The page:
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Poetic Forms Presentation: Limerick

By: Chelsea Park and Sara Pantovic
by

Chelsea Park

on 20 January 2012

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Transcript of Poetic Forms Presentation: Limerick

Poetic Forms Presentation: Limerick (cc) photo by Metro Centric on Flickr (cc) photo by Franco Folini on Flickr (cc) photo by jimmyharris on Flickr (cc) photo by Metro Centric on Flickr Limericks are short poems of five lines.
Lines 1, 2 and 5 have seven to ten syllables and rhyme with one another.
Lines 3 and 4 of Limericks have five to seven syllables and also rhyme with each other. Limericks often start with the line "There once was a..." or "There was a..." Brown Dog Called Spot:
There was a brown dog called Spot,
Who tied up his tail with a knot
To remember his bone
Which he'd left back at home
When he sometimes went out for a trot.
-Rebecca Telford Young Lady of Ryde:
There was a Young Lady of Ryde,
Whose shoe-strings were seldom untied.
She purchased some clogs,
And some small spotted dogs,
And frequently walked about Ryde.
-Edward Lear Examples by Famous Poets By: Chelsea Park & Sara Pantovic Structure History Example of a Limerick poem without origin:
The limerick packs laughs anatomical
In space that is quite economical,
But the good ones I've seen
So seldom are clean,
And the clean ones so seldom are comical.

Name Origin Though the origin of the name has been
debated, most people seem to agree that
the name is a reference to the city of
Limerick in Ireland. Edward Lear was an English artist, illustrator, author, poet, famous
for his "literary nonsense" and especially his limericks.
Limericks were first popularized by him when he wrote 212 of them in his
1846 Book of Nonsense, a two volume work featuring 73 illustrated
limericks. Although he wrote this book of limericks, at the time he did not
use that term. Poem Example Analysis
The first poem is a popular one by Edward Lear.
This short poem about the Young Lady of Ryde follows the
traditional structure of a Limerick Poem. It contains 5 lines, line
1, 2 and 5 rhyming, with lines 3 and 4 rhyming as well. There's a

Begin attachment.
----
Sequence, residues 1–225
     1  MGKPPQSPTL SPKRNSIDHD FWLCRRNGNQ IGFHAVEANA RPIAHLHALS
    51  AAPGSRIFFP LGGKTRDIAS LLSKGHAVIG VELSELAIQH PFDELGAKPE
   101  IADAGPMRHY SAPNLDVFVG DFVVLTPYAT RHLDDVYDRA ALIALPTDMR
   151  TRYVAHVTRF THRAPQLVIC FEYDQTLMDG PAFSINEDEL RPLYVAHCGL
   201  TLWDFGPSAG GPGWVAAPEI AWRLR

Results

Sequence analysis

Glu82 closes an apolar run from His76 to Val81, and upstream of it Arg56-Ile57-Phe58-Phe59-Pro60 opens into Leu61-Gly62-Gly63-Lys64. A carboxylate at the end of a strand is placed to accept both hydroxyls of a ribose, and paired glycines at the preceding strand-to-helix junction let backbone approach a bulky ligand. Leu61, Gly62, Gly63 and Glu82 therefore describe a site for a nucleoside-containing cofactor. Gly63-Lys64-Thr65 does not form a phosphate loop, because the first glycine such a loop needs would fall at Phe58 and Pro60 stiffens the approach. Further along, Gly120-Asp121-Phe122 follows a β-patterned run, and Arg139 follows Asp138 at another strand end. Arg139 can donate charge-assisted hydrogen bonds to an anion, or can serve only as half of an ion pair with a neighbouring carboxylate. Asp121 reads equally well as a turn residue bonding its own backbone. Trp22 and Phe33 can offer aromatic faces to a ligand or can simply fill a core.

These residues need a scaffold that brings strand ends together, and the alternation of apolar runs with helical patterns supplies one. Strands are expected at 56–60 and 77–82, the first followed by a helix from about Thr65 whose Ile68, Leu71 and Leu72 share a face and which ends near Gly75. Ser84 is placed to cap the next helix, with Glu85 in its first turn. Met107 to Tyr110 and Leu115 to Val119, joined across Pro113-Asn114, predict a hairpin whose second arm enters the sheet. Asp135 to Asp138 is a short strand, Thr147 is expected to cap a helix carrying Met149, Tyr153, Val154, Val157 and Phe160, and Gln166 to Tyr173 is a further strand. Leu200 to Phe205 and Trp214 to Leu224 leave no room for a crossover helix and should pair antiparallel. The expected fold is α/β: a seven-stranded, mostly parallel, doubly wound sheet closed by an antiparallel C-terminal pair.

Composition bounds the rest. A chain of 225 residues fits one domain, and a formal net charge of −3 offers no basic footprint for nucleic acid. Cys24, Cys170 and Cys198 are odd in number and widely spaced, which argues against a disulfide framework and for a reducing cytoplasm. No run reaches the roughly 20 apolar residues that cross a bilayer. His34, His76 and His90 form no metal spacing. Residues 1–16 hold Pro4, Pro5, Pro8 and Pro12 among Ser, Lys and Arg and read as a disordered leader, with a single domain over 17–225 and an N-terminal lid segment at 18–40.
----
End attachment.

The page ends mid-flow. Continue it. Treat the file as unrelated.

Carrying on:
noticeable sense of humour to the poem which is the trait that limericks
are most known for.

The second example is a poem by Rebecca Telford. This poem just like the
one by Edward Lear follows the most common rhyme scheme of
a Limerick poem. Another trait of this form of poem is the syllables. In both examples they follow the usual pattern of seven to ten syllables in lines 1, 2, 5 and five to seven syllables in lines 3 and 4. Though this is not a strict rule, most limericks will have around that desired number of syllables. WORK CITED "Edward Lear." Wikipedia. N.p., January 16th/12. Web. Janurar 17th/12. <http://en.wikipedia.org/wiki/Edward_Lear>.


"Limerick Examples." Limerick Examples. N.p., May 20, 2009. Web. Janurar 17th/12. <http://www.examples-help.org.uk/limerick-examples.htm>.


"Limerick Poetry." DLTK. N.p., 2011. Web. Janurar 17th/12. <http://www.dltk-holidays.com/patrick/m-limerick.htm>.


"Limerick (poetry)." Wikipedia. N.p., January 15th/12. Web. Janurar 17th/12. <http://en.wikipedia.org/wiki/Limerick_(poetry)>.


"Limericks." Poetry Online. N.p., November 1, 2003. Web. Janurar 17th/12. <http://www.poetry-online.org/limericks.htm>.


McCollum, Jordan. "The History of the Limerick." BellaOnline. N.p., 2012. Web. 17 Jan 2012. <http://www.bellaonline.com/articles/art20882.asp> A limerick is a funny, sort of "out there", nonsense poem. It has to five lines with a strict rhyme scheme of AABBA. What is a Limerick Poem? The End
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